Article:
The Magnificent Seven, 2016.
Directed by Antoine Fuqua.
Starring Denzel Washington, Chris Pratt, Ethan Hawke, Haley Bennett, Byung-Hun Lee, Vincent D’Onofrio, Manuel Garcia-Rulfo, Martin Sensmeier, Peter Sarsgaard.
Seven gun men in the old west gradually come together to help a poor village against savage thieves.
Since breaking out way back in 2001 with the Training Day Antoine Fuqua’s career has been questionably inconsistent. Last years Southpaw had the grace of a bird attempting to fly whilst attached to a brick, and The Equalizer existed in a nightmare-ish purgatory like state, as if Fuqua himself cared only to hang out with Denzel for a couple of months. In face Olympus Has Fallen, Fuqua’s brainless-Die-Hard-in-the-White-House may be his best work in that time.
So the idea of a perfunctory remake of The Magnificent Seven of which for surely nobody asked, bodes rather poorly. Yet, to Fuqua’s credit, it’s okay, nothing more, nothing less. It plays like a classic western, with a shiny, Hollywood gleam poured generously over it.
The small town of Rose Creek is under the control of the constantly aggravated Bartholomew Bogue (Peter Sarsgaard constantly looking as if on the verge of tears), a villain born out of every Western stereotype. After he burns down the church, forces the sale of their land for a pittance and murders half the town, Emma Cullen (Haley Bennett) goes searching for vengeance in the form of gun slinging bounty hunter Chisolm. He is tasked with forming a rag-tag group to reclaim the town.
He stumbles upon Josh Faraday (Chris Pratt), attempting to emulate the charm of Steve McQueen – a drunk and self-confessed “world’s greatest lover.” Ethan Hawke, a soldier afflicted with PTSD and the only member with actual backstory joins, with his partner-in-crime Billy Rocks (Byung Hun Lee), alongside Mexican outlaw Vasquez (Manuel Garcia-Rulfo), Native American Red Harvest (Martin Sensmeier) and Jack Horne (Vincent D’Onofrio) who is effectively a bear.
It isn’t that Fuqua struggles to balance backstory, it’s that he seems to have whole-heartedly forgotten to create a backstory for any of the “Magnificent.” Of the seven, only Ethan Hawke is given something to genuinely grapple with while Chris Pratt, however charming, is given nothing but to whip out-liners and smolder towards the audience.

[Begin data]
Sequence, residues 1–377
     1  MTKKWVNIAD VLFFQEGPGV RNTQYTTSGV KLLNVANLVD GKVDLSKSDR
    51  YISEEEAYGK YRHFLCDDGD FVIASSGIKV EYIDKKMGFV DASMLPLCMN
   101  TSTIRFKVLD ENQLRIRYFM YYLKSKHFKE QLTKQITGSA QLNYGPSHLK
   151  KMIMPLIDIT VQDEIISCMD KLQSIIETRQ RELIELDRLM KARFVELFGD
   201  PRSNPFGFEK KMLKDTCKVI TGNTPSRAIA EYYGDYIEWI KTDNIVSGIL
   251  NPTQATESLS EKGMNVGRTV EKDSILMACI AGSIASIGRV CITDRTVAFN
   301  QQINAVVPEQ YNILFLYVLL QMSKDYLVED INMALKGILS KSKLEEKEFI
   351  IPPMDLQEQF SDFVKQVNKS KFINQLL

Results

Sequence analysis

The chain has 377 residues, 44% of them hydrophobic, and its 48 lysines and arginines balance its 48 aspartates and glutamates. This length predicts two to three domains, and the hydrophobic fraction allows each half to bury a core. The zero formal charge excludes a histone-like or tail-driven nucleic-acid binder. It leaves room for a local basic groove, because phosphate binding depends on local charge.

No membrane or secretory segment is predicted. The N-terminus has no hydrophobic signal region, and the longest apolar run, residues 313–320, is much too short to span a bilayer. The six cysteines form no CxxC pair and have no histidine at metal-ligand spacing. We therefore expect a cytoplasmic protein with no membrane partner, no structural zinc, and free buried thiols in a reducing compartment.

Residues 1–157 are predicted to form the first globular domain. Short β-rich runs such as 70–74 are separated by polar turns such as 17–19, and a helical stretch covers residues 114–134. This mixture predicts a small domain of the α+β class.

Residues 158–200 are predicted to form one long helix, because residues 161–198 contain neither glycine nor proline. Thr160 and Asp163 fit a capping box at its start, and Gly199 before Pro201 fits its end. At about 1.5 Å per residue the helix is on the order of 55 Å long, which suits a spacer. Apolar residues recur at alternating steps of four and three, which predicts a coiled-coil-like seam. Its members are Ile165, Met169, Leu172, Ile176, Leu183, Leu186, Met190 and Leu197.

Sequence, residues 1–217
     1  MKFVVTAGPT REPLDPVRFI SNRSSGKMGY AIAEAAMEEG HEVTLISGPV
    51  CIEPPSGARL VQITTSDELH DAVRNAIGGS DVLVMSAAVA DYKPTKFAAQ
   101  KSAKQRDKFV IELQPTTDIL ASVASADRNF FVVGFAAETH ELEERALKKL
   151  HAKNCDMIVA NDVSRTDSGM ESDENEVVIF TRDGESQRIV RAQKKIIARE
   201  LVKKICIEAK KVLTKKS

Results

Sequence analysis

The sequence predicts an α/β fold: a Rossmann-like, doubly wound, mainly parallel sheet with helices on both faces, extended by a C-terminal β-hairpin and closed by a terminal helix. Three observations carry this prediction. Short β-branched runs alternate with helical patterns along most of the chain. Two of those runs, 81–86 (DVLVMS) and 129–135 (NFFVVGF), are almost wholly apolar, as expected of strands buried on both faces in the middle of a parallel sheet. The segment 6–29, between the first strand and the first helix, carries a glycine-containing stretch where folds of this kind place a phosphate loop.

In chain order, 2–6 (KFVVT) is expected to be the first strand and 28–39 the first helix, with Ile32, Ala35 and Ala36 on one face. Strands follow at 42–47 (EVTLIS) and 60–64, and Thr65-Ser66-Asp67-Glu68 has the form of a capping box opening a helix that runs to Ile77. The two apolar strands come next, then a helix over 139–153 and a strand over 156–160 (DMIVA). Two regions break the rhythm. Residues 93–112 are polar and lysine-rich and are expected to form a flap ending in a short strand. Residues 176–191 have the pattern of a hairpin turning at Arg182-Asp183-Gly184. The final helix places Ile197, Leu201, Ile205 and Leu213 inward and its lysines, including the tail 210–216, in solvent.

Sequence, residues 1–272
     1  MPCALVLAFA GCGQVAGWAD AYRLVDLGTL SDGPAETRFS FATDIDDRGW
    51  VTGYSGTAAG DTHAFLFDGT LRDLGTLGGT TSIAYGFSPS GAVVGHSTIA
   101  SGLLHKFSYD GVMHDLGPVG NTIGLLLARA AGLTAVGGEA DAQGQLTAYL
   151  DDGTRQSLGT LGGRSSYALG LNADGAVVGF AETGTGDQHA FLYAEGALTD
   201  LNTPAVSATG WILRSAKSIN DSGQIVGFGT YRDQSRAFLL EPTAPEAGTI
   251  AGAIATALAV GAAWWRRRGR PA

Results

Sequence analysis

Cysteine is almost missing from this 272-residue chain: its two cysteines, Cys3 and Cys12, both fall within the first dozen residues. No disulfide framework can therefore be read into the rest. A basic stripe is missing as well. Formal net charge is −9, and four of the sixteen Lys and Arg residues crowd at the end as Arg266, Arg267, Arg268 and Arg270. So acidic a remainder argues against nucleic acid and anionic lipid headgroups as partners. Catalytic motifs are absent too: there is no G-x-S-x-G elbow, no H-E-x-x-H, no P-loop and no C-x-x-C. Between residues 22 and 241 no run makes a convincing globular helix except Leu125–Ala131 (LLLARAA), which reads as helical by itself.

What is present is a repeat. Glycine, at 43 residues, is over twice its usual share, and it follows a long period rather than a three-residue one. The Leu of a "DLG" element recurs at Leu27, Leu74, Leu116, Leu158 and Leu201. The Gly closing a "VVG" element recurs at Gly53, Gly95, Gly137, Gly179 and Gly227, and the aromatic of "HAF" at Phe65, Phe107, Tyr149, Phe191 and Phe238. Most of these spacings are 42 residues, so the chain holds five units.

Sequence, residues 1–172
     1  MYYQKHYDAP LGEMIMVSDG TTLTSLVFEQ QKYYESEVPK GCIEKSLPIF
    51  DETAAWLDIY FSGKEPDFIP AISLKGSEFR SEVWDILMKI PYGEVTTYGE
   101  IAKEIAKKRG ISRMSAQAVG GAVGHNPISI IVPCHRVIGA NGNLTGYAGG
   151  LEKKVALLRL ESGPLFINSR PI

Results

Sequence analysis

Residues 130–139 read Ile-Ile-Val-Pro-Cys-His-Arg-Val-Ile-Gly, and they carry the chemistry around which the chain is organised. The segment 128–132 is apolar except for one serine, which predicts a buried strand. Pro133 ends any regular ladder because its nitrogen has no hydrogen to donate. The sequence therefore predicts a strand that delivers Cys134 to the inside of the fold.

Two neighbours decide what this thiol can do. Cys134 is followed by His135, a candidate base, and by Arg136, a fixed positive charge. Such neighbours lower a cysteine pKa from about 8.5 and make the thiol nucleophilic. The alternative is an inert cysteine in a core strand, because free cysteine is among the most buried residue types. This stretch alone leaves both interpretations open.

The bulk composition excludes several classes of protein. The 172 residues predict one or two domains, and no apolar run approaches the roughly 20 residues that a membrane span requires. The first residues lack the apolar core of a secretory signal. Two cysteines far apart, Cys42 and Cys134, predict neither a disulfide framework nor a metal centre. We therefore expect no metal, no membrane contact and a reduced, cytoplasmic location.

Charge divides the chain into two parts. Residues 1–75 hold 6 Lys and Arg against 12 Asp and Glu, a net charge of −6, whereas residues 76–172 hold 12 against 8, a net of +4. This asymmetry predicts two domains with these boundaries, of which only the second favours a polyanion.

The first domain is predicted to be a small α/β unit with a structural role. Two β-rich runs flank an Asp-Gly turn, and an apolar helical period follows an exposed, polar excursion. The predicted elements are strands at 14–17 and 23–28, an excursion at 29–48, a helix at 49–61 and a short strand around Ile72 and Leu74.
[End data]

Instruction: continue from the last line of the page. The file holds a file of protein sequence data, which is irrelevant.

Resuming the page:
And Vincent D’Onofrio, oh Vincent D’Onofrio. So impressive in Daredevil, he, rather bafflingly, plays Horne with a voice more in common with a child at a birthday party, hypnotised by helium.
There may be a lack of the personal, but Fuqua has succeeded in casting a wide bunch. There’s something almost delightful in the films totally non-judgmental treatment of minorities.
Where the original allowed for slightly quieter moments, Fuqua opens fast and attempts to maintain the pace for the far to long runtime. In doing so, action sequences lack bite, and where few moments succeed-a series of comical, borderline Blazing Saddles-lite action beats late on genuinely entertain-it’s stretched all too thin. That final battle, itself the entire third act, starts fun, before becoming increasingly tedious.
The Magnificent Seven wants to be new, yet is indebted entirely to the old. It’s treatment of women, of which there is one, herself a damsel sexualised to the point of becoming more reminiscent of a character stepped right out of a lads mag, leaves a bad taste. It has no place amongst the pantheon of the great westerns of yesteryear, but, like those more middling, is acceptable entertainment.
Flickering Myth Rating – Film: ★ ★ / Movie: ★ ★